As Monet differs from integral divinatory Chinese impressionism, so does Rousseau, with his love for nature, as compared to Lao-tse. Blaga sees the great thinker of China closer to Pascal, Novalis or Nietzsche, as aphorisms are concerned. Tao as “non-existence”, “non-action”, “emptiness” is reanalyzed, with difference from Indian Brahman-Atman or Plotin’s the Unique. Lao-tz[ has influenced more the Chinese poetry, art and mystique, while Kung-Tz[ (Confucius) guided more than anybody else the Chinese life itself, assumes Blaga. Organization of life, ancient mores and rites were according to Kung-Tz[, expressions and manifestations of the Tao. Kung-Tz[ is a genius creator of rites, the greatest one the mankind has given.
          About poems on Tao by Lao-tse quoted in own translation (from German?) by Lucian Blaga, one can wonder what is translator’s contribution, that is, how tao-atmosphere reaches the soul of Romanian reader.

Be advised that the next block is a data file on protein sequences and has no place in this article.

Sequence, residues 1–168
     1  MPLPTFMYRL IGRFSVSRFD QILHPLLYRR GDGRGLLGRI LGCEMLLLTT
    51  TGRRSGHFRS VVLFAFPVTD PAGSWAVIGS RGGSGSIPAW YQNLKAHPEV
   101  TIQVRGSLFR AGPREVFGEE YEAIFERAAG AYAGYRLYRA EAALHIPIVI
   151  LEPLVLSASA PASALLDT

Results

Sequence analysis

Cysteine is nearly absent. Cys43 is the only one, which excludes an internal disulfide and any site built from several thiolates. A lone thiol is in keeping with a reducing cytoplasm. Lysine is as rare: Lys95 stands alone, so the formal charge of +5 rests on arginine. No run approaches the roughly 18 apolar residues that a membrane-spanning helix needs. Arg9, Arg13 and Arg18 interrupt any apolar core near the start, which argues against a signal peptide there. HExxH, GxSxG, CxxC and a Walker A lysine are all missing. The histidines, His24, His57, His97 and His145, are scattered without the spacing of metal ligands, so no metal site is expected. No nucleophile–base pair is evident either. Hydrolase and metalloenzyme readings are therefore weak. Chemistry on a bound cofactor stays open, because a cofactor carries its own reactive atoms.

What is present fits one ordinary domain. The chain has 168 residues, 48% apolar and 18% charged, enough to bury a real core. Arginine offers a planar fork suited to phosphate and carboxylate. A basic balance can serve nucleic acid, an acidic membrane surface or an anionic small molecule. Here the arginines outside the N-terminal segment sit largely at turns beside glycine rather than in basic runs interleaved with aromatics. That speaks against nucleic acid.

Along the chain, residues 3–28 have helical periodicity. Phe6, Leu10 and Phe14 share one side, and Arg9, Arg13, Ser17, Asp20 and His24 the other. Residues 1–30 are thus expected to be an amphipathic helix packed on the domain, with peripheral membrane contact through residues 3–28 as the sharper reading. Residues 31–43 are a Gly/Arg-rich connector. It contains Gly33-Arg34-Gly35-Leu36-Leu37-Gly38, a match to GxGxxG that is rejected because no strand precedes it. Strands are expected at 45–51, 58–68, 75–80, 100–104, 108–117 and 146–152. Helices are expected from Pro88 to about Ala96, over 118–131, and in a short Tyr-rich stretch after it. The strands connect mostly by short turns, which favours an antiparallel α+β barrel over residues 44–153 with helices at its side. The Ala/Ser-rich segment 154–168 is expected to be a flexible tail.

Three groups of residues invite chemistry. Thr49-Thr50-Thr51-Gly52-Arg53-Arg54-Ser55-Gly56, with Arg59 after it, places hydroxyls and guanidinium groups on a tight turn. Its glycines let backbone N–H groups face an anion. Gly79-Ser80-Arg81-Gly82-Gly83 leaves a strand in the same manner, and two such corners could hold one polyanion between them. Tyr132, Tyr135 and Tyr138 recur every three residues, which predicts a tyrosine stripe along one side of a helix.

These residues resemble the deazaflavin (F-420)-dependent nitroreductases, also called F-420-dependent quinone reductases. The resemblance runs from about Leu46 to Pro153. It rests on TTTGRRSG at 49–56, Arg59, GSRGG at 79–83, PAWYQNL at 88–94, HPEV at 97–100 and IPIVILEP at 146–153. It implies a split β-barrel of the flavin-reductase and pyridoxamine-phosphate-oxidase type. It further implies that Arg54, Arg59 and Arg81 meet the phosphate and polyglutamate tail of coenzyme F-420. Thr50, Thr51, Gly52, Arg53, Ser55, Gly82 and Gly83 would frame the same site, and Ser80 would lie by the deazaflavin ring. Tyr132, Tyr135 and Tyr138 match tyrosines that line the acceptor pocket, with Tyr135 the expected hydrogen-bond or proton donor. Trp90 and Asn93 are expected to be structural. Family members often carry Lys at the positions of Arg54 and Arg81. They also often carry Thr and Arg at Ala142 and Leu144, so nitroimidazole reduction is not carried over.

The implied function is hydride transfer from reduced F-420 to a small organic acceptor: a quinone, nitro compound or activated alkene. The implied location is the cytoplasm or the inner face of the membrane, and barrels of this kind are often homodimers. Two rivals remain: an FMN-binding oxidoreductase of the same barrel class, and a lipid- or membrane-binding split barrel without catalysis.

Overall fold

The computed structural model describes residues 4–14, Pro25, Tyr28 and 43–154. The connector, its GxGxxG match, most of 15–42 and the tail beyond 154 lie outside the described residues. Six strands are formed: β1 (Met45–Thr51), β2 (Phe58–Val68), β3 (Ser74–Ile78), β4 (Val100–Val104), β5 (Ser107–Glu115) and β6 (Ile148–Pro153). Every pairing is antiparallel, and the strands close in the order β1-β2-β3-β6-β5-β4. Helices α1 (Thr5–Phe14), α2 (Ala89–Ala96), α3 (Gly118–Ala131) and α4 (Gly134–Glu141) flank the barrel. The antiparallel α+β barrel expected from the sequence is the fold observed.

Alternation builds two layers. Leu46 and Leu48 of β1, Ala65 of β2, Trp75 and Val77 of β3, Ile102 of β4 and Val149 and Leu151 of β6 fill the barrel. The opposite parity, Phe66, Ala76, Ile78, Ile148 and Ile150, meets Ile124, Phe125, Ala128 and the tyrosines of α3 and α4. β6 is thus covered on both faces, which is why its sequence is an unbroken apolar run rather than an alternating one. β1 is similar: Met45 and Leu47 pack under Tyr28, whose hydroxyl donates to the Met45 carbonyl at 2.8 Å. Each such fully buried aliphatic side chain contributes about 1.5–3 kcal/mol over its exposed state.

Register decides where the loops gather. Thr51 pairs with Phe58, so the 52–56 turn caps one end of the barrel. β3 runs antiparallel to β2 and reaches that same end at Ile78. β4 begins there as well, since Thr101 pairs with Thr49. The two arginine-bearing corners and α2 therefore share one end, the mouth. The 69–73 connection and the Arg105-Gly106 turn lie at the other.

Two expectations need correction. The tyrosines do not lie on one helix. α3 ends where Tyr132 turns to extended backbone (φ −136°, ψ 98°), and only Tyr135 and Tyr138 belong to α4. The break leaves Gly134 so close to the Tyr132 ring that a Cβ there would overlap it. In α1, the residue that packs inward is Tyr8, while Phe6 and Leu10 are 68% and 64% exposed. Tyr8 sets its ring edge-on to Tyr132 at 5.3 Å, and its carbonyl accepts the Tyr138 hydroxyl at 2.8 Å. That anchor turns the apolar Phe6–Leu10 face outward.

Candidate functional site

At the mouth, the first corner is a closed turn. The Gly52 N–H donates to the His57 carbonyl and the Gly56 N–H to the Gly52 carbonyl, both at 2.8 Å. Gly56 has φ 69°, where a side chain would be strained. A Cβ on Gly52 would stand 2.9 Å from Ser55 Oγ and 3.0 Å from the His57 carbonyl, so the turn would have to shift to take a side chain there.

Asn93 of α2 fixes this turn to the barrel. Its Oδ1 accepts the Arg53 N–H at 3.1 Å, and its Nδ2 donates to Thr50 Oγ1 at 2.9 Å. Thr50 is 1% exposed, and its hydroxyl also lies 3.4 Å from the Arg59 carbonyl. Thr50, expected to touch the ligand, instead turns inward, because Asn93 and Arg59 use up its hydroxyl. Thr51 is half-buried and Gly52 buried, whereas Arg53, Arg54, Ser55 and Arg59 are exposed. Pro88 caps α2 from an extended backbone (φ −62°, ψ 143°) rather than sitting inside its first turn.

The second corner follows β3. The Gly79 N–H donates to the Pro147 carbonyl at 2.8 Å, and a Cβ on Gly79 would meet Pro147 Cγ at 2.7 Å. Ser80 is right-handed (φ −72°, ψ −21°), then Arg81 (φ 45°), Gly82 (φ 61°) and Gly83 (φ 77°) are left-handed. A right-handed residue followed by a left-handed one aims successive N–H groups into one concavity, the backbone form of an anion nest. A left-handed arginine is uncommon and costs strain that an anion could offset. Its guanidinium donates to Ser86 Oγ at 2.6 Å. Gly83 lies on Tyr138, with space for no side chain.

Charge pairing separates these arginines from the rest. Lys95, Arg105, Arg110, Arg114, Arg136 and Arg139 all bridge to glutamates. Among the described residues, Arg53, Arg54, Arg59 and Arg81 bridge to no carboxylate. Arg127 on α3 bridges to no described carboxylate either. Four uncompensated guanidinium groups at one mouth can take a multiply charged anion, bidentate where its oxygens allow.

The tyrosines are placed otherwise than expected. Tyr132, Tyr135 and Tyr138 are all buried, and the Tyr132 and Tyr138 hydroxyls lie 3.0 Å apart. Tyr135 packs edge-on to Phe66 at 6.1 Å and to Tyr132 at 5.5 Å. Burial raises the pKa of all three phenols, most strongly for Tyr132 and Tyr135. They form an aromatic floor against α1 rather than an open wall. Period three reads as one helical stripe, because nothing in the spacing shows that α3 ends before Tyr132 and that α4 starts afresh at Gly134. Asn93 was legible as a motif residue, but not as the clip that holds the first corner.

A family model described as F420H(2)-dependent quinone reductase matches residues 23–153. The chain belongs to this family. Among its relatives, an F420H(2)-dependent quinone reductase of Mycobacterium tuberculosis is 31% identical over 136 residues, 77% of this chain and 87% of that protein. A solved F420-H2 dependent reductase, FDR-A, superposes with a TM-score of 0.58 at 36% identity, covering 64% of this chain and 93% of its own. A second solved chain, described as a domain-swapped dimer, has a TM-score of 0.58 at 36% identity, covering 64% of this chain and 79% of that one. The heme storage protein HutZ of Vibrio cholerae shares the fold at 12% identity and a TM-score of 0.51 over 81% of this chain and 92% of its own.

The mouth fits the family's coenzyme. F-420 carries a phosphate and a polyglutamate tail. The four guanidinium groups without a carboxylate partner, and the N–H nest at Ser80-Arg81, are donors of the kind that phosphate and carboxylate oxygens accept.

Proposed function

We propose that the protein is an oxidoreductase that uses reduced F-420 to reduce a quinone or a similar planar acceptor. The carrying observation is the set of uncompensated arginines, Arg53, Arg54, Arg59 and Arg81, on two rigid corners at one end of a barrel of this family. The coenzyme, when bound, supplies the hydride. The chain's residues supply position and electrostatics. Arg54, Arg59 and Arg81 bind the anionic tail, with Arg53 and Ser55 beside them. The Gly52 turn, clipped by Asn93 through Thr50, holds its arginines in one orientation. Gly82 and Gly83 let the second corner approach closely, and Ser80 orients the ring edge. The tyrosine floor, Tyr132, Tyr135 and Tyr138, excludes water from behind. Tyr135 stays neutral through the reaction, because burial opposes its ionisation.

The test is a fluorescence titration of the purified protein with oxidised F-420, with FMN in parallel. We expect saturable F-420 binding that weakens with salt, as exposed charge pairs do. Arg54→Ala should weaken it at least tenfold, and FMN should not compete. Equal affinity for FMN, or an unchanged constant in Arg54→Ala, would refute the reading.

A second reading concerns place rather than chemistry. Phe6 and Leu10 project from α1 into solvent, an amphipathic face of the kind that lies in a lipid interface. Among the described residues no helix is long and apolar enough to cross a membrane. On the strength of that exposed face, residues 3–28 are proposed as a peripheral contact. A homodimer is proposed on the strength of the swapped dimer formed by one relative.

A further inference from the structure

Beyond philosophical discourse, the strong poetical mind, embodied by Chinese spirit and Tao, as core of it, meets Blaga’s own poetry up to euphony.
          Lumea este un lucru spiritual
          nu-i [ng`duit s` te por\i cu ea brutal
          Cine ac\ioneaz` o stric`.
          Cine vrea s` o cucereasc` o pierde
          (The world is a spiritual thing
          it is not permitted to be brutal with it.
          Who acts does spoil it,
          Who wants to conquer it loose it).

Lucian Blaga:
          Eu nu strivesc corola de minuni a lumii
          (I do not crush the world corolla of wonders)

          Blaga doesn’t crush Tao. He almost lets himself to be crushed:

                   Give me a body
                   you mountains,
                   you oceans
                   give me another body to pour my madness
                   in totally!
                   Big earth, be my trunk,
                   be the chest for this tremendous heart
                   be shelter of the storms that crush me ,
                   be the amphora for my stubborn ego.